Pirates and Lawn Mowers
What do you want to be when you grow up? Can you remember being asked that as a child? How did people react to your aspirations?
I have asked Dylan – who is a typical boisterous four-year-old boy – a few times now – what he wants to be when he grows up. The latest response was, per usual, esoteric and convoluted. Dylan wants to be an army tank driver who mows lawns on a pirate ship.
What would you say to that? I loved everything about Dylan’s answer and here is why…
Firstly, I loved the imagination in his response. Being creative is not just a cherry on top to cultivate in our kids when the time is right. It is an essential skill that needs to be encouraged daily.
In fact, it’s already a key competitive advantage at work. Whether we like it or not, we live in an unfair world where the privileged few in first world countries can get the opportunity to do interesting and advanced work. This involves all the imagination and creativity that can be conjured up. Mundane and repetitive jobs will be increasingly outsourced to computers, robots and people from less wealthy countries. Creativity will equal pay cheque in the future economy.
The End of Jobs
Secondly, Dylan’s answer implied a succession of different skills and hence not one job. A straightforward, upwards trajectory of a single career is a rare thing nowadays, and will become even less common in the future. I was relieved to know that not having one true calling is actually a thing. Check out Emilie Wapnick’s TED talk on ‘multipotentialites’ to hear more about this.
It is becoming less common to even apply for a ‘job’ as such. A working life is likely to consist of different opportunities to earn income via freelancing, being an employee, or owning a business. It could involve stints at home or travelling or re-education and picking up casual work where it arises. There is likely to be a fading out of the notion of retirement, so our children will have to think about how they will earn a living over the space of 50 years or more.
The Start of Jobs
But being a lawn mower man and army tanker driver on a pirate ship is not even a JOB, you say. It simply does not exist. And you are probably right.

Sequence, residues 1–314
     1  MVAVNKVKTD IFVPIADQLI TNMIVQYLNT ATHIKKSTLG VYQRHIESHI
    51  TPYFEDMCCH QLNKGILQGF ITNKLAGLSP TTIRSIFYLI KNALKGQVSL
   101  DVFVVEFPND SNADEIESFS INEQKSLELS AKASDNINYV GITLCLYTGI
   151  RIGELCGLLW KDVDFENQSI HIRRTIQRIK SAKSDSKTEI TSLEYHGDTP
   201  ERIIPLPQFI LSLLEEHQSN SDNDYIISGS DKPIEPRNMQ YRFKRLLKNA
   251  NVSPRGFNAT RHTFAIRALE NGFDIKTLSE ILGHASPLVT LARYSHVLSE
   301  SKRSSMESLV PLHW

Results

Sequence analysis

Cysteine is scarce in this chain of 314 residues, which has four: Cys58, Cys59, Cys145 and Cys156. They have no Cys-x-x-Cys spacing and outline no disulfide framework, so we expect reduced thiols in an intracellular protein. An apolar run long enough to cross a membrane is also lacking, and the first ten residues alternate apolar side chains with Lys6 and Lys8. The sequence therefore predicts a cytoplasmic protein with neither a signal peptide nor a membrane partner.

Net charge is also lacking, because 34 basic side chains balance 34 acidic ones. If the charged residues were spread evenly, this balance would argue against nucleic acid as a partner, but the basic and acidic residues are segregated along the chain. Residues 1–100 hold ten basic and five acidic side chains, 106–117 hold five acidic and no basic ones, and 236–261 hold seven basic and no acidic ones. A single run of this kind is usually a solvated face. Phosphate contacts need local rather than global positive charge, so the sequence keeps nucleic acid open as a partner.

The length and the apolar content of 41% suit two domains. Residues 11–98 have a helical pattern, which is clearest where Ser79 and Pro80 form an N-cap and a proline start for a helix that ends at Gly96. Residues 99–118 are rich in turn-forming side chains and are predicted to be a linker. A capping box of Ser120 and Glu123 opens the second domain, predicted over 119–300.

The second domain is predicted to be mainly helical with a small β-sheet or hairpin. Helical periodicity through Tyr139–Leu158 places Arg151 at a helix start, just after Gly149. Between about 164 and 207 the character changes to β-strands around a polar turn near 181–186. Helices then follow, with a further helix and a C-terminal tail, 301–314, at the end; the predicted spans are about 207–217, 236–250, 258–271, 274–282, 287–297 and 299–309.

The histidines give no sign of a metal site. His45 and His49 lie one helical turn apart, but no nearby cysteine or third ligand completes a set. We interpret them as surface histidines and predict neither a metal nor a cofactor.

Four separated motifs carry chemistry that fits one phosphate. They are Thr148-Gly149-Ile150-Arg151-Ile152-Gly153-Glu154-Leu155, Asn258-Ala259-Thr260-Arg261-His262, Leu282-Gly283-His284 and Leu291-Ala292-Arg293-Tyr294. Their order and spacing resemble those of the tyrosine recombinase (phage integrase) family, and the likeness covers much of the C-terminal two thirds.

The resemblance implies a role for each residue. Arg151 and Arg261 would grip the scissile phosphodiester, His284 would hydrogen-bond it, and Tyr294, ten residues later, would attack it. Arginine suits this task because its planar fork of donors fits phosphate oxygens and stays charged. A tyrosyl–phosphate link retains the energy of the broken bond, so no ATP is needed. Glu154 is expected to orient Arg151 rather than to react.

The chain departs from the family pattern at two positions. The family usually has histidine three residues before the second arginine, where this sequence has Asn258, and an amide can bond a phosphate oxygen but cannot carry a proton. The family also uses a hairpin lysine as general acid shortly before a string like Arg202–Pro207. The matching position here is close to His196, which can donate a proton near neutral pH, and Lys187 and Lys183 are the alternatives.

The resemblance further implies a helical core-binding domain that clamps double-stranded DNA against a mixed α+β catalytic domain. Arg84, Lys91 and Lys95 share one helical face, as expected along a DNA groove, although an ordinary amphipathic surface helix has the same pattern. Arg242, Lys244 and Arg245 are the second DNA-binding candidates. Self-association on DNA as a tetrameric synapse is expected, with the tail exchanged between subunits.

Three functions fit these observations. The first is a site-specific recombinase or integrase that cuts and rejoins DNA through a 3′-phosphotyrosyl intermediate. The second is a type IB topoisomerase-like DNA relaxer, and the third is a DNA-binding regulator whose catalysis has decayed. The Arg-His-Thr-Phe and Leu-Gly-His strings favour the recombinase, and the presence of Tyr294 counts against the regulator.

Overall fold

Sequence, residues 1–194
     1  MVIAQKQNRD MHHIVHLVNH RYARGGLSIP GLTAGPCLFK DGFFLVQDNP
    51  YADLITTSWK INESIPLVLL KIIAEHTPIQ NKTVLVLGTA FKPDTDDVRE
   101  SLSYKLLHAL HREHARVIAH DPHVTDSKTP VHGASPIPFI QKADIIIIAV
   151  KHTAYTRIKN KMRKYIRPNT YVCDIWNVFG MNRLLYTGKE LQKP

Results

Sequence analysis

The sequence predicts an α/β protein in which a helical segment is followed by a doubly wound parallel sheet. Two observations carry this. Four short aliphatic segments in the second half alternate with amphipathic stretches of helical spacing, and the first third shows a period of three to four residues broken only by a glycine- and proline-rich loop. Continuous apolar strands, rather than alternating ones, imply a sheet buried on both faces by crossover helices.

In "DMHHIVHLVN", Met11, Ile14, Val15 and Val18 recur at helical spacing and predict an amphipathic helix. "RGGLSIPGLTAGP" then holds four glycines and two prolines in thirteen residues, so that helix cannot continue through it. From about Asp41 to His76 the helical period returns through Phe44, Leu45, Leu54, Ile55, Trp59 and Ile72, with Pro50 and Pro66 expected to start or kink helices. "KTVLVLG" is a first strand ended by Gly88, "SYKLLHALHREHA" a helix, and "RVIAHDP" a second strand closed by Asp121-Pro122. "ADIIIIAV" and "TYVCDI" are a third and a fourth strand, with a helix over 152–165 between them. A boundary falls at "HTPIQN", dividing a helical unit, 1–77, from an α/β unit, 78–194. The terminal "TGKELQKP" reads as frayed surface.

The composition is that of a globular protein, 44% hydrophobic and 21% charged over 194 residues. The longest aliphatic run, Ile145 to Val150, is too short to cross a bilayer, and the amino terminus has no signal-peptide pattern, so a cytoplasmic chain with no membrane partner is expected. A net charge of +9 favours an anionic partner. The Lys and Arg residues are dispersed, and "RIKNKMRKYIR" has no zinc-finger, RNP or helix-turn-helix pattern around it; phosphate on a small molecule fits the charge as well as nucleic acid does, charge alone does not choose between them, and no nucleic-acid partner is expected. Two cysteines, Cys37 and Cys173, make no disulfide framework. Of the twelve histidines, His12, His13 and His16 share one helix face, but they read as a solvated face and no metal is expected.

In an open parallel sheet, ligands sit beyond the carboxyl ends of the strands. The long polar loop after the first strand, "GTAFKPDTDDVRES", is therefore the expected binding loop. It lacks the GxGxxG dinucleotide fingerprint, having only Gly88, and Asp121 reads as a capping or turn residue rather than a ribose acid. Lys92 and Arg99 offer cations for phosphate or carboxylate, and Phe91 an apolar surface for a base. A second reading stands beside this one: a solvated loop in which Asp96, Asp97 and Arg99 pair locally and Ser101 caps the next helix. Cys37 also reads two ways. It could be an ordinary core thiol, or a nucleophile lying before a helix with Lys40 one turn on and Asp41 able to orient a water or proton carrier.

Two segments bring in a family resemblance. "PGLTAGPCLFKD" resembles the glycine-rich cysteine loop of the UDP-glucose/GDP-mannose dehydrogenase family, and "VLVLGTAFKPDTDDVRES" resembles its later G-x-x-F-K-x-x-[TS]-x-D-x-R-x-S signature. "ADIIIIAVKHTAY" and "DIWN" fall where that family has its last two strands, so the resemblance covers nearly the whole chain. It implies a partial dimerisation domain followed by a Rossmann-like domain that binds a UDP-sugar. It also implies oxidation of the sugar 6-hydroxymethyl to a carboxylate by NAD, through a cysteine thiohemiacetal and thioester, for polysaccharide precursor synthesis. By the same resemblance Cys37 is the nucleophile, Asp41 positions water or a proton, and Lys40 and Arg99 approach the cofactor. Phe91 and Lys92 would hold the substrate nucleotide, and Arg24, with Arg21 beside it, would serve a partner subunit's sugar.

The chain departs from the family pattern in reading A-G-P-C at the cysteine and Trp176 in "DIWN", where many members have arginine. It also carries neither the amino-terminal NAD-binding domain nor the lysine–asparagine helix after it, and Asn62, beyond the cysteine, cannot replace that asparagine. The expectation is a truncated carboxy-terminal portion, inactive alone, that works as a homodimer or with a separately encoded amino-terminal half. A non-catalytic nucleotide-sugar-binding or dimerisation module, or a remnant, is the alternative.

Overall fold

However, there are some reputable sources that state that at least 65% of the jobs and work opportunities available ten to twenty years in the future do not exist at all today. Think of the impact that virtual reality and artificial intelligence will have on our lives in the not too distant future.
After all, the first employees of Facebook, ten years ago, certainly did not grow up with the desire to work for that company. And who would have thought even five years back that regular people would have the income opportunities now available thanks to Uber (driving people around) and AirBnB (renting out rooms in your house)? The inventor of the selfie-stick probably didn’t have that as part of his life plan when he was four years old, but he currently must be pretty happy with his ability to monetise a growing trend in a timely manner.
Show Me the Money
Also, it may be argued that even if there was such a job, there does not seem to be a way to actually make money from it. How would you actually generate a revenue stream from lawn mowing on a pirate ship?
Actually, people can make income from any opportunity, especially if they are passionate and apply a great work ethic to it. A recent newspaper story discussed a 24-year-old Pokémon enthusiast who has been hired by the gaming company behind Pokémon Go to be a Pokémon Go coach. His first task is to find and capture all the Pokémon in New Zealand. Now think about this for a second – this guy is being paid to hunt for game characters. If you can make money doing that, then very little seems impossible in the way of income opportunities.
I really loved how passionate Dylan was about his future occupation(s). There were no limits, no holding back, he had a vision, he was dreaming big.
As parents we need to keep our children safe, but try not to limit them. We need to move out of the way. Let them think anything is possible. Let them fail. Let them pick themselves back up and try something new. This is one of our core conflicts as parents and I know it is hard! But at the very least, never ever, ever, ever tell them that what they want to do is impossible.
After all, someone’s child is now earning good money to chase after imaginary monsters.